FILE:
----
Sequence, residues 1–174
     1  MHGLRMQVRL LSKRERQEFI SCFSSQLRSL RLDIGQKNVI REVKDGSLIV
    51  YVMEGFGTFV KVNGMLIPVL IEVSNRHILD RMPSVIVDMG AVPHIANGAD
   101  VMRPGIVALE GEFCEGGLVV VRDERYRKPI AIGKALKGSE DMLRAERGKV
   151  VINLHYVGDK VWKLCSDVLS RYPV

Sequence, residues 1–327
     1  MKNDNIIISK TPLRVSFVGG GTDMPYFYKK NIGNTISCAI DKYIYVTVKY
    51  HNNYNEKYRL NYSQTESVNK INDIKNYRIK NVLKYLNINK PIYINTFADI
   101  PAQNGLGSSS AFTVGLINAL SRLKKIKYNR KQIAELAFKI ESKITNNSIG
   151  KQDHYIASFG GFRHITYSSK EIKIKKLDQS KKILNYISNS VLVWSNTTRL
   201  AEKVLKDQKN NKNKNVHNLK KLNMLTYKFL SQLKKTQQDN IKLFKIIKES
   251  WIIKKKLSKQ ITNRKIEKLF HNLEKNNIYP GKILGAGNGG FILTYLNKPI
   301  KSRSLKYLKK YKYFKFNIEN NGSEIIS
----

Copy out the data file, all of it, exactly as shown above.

Sequence, residues 1–174
     1  MHGLRMQVRL LSKRERQEFI SCFSSQLRSL RLDIGQKNVI REVKDGSLIV
    51  YVMEGFGTFV KVNGMLIPVL IEVSNRHILD RMPSVIVDMG AVPHIANGAD
   101  VMRPGIVALE GEFCEGGLVV VRDERYRKPI AIGKALKGSE DMLRAERGKV
   151  VINLHYVGDK VWKLCSDVLS RYPV

Sequence, residues 1–327
     1  MKNDNIIISK TPLRVSFVGG GTDMPYFYKK NIGNTISCAI DKYIYVTVKY
    51  HNNYNEKYRL NYSQTESVNK INDIKNYRIK NVLKYLNINK PIYINTFADI
   101  PAQNGLGSSS AFTVGLINAL SRLKKIKYNR KQIAELAFKI ESKITNNSIG
   151  KQDHYIASFG GFRHITYSSK EIKIKKLDQS KKILNYISNS VLVWSNTTRL
   201  AEKVLKDQKN NKNKNVHNLK KLNMLTYKFL SQLKKTQQDN IKLFKIIKES
   251  WIIKKKLSKQ ITNRKIEKLF HNLEKNNIYP GKILGAGNGG FILTYLNKPI
   301  KSRSLKYLKK YKYFKFNIEN NGSEIIS